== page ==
Others were excluded since the products contained either citric acid, tartaric acid or sodium bicarbonate — all known to bind with zinc. In each of the studies participants were given more than 75 mg/day of elemental zinc, which you may want to consider if you seek out a zinc lozenge product.

Zinc First Acknowledged as Essential in 1970s

The way zinc first came to the attention of science was again through the work of Prasad. NPR13 reports that in the 1960s Prasad was studying the lack of growth and development in young men from Egypt. He hypothesized that the issue may have been a lack of zinc. When given zinc supplements, the young men grew taller than Prasad anticipated.

This began a journey into understanding zinc that Prasad continues to this day as a 91-year-old scientist.14 He writes of the deficiency, finding,15 that in the past 50 years nutritional insufficiency may have affected up to 2 billion people in the developing world. He points to one component of cereal proteins, phytate, which reduces the amount of zinc your body can absorb.

Cereal proteins high in phytate include wheat bran, rice bran and wheat gluten.16 Prasad writes that zinc deficiencies may present with rough skin, impaired immunity, growth retardation and cognitive impairment.17

As NPR reports, it wasn’t until the 1970s that zinc was identified as an essential nutrient for human health.18 The National Institutes of Health recognizes the importance of zinc in relation to:19

“… approximately 100 enzymes and it plays a role in immune function, protein synthesis, wound healing, DNA synthesis, and cell division. Zinc also supports normal growth and development during pregnancy, childhood, and adolescence and is required for proper sense of taste and smell.”

Cold Remedies That Work

Along with zinc, you could try other remedies with a positive track record for use during the common cold. A perfect example is the healing power of vitamin C. In one study the combination of vitamin C and zinc was more efficient than a placebo and it produced faster symptom relief.20

As I’ve written in the recent past, high doses of vitamin C act not only like an antioxidant when you’re sick, but also more like a natural drug without side effects. In the article, “Concerns About Diabetes or Heart Health? Optimize This,” Dr. Suzanne Humphries talks about her work with vitamin C and the importance of using liposomal C to reduce side effects and improve absorption.

It is important to note that large doses of vitamin C or zinc — when taken on a regular basis — impact your copper levels.21 So, while temporary doses to combat a cold or flu are helpful, you could compromise your immune system by taking them year-round.

Another simple remedy to help prevent a cold and speed healing is to get enough sleep. Sleep deprivation is associated with a long list of disorders and life disruptions, including negative impacts on your immune system22 as well as dementia.23 The key to recovery is to support your immune system; getting adequate amounts of sleep will help.

If you have trouble getting to sleep, staying asleep or feeling rested when you wake up, you may have developed a few habits that are causing trouble. To get yourself back to good sleep habits and feeling well rested each day, see my tips at “Top 33 Tips to Optimize Your Sleep Routine.”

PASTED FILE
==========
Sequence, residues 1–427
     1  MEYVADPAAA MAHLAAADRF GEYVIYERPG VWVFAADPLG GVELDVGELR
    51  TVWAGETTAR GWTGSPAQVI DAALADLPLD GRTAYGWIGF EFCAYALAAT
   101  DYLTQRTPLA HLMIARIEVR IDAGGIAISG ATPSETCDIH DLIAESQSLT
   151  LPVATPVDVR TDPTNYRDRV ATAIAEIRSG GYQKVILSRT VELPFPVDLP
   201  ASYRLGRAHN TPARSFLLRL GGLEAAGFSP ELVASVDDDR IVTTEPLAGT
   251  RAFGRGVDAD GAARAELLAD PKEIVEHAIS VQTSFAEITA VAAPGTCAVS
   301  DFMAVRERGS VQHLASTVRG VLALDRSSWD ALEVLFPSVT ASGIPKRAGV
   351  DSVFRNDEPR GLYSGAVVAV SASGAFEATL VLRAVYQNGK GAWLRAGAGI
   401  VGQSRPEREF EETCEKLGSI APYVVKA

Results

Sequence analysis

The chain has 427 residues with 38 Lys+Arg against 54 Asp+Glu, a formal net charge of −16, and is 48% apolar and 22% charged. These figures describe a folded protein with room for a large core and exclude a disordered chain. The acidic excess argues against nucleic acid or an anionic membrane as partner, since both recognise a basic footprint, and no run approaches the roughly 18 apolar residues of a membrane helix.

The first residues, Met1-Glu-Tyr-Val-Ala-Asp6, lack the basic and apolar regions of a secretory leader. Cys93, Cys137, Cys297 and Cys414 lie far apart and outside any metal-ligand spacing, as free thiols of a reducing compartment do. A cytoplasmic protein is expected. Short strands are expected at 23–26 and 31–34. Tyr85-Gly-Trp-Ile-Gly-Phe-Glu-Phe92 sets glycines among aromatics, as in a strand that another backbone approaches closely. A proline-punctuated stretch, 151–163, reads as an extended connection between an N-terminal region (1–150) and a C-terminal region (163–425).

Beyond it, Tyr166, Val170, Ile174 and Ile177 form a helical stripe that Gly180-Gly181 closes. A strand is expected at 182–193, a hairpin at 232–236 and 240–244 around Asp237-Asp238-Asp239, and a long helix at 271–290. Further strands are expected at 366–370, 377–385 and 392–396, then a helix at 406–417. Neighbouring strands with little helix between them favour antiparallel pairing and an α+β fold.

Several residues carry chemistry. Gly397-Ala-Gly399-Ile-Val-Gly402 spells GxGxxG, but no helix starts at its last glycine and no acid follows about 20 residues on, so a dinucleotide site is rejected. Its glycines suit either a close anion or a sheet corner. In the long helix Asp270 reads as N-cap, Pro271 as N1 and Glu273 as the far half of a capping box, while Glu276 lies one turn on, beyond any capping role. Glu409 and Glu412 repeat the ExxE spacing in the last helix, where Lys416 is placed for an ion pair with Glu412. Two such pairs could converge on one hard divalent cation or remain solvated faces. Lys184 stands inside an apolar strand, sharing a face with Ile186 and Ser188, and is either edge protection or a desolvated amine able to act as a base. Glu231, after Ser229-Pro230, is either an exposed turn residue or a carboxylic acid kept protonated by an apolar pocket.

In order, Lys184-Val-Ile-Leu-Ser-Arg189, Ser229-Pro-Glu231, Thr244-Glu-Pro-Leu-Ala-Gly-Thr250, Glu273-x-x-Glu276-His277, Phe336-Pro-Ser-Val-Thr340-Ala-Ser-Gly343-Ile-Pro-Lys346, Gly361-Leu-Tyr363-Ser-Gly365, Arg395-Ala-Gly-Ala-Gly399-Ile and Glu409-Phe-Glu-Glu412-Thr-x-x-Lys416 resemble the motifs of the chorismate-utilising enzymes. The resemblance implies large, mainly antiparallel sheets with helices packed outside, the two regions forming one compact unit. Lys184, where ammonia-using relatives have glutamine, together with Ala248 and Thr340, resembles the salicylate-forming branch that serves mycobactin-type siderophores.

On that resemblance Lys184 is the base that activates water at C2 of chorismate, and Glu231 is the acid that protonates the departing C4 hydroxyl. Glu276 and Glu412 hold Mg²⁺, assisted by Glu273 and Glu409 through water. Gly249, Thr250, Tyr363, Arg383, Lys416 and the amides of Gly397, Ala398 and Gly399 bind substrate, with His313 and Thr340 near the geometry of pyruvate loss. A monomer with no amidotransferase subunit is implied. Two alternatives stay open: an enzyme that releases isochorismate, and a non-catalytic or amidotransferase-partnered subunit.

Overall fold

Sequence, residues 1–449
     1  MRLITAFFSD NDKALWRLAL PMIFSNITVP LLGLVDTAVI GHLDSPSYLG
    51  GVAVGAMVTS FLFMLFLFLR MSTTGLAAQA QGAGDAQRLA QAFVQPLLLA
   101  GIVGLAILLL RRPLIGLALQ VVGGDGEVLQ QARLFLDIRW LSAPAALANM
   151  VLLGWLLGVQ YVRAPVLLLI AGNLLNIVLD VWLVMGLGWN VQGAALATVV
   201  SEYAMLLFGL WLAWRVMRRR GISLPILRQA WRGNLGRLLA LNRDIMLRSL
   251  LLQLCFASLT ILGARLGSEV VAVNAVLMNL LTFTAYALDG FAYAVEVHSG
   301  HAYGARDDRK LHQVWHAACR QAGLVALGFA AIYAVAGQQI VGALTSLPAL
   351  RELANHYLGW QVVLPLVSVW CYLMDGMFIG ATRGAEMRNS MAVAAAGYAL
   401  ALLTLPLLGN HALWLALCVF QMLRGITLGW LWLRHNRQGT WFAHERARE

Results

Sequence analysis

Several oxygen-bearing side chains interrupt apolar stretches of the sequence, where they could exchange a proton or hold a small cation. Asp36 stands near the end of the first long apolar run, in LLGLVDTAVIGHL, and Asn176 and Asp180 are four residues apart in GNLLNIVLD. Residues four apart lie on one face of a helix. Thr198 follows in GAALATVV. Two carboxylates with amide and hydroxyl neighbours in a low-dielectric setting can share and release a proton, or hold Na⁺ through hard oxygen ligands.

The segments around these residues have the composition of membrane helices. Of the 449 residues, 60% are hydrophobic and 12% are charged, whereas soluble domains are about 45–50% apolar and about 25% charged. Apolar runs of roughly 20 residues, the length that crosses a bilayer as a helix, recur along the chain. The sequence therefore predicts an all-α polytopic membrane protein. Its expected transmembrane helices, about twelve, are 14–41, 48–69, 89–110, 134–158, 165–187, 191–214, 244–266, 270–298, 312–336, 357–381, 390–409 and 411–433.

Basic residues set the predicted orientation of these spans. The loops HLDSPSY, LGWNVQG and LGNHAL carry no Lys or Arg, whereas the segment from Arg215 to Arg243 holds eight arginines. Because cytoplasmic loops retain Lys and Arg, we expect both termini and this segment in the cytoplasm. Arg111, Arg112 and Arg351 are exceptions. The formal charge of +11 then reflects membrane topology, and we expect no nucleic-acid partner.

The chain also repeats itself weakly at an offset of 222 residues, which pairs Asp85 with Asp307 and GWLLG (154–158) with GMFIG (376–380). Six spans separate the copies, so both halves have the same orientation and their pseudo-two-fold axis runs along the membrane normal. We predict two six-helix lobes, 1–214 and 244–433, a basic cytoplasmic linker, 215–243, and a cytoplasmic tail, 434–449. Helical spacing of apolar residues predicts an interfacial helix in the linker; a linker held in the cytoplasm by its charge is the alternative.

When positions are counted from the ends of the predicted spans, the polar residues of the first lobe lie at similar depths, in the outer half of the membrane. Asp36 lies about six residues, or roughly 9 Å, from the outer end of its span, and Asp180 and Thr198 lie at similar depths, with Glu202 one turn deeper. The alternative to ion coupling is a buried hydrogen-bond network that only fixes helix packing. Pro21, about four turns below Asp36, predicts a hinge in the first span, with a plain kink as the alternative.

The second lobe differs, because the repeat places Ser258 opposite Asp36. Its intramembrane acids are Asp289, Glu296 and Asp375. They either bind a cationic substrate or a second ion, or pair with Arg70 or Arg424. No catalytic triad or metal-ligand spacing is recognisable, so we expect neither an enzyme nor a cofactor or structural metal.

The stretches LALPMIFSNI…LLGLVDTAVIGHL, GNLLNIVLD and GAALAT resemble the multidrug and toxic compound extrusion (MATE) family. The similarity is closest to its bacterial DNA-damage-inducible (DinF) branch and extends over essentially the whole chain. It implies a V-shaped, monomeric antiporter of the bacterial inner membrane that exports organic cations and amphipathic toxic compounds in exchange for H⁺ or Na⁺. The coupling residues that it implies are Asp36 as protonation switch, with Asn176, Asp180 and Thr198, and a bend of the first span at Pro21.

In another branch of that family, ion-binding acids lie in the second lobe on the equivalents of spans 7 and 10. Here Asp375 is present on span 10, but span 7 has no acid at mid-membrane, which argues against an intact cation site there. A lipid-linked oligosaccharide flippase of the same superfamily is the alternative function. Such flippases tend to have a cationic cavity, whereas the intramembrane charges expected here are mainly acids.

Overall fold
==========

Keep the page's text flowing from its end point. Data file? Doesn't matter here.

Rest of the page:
You may want to try adding apple cider vinegar to your routine for the benefits available from its antimicrobial and anti-inflammatory properties.24 It may also help boost your immune function by raising the alkalinity in your body. Be sure to seek out a natural, fermented brand with the “mother” intact.

Care for Your Cold and Reduce Potential for Something Worse

There are more steps you can take to protect yourself during the cold and flu season. For instance, getting enough vitamin D is very important. Vitamin D offers powerful antimicrobial activity and is capable of fighting bacteria, viruses and fungi. Low levels can increase your risk of contracting a cold or flu.25

Another factor that influences your immune system is stress. You’ve probably noticed that when you’re stressed, you’re more likely to get sick.

Whether the stress is associated with grief, relationship issues or projects at work, the result is the same — you’ll have trouble fighting off an infection. Researchers at Carnegie Mellon University investigated why this happens,26,27 and found that those who reported being under stress were more likely to get sick when exposed to a virus and then quarantined for five days.28 When stressed, your body releases hormones like cortisol, which temporarily suppress the immune system.

Under chronic psychological stress you become less sensitive to cortisol, which increases your inflammatory response, also impacting the immune system. Lead researcher Sheldon Cohen commented on the results:29

“The immune system's ability to regulate inflammation predicts who will develop a cold, but more importantly it provides an explanation of how stress can promote disease. When under stress, cells of the immune system are unable to respond to hormonal control, and consequently, produce levels of inflammation that promote disease.

Because inflammation plays a role in many diseases such as cardiovascular, asthma and autoimmune disorders, this model suggests why stress impacts them as well.”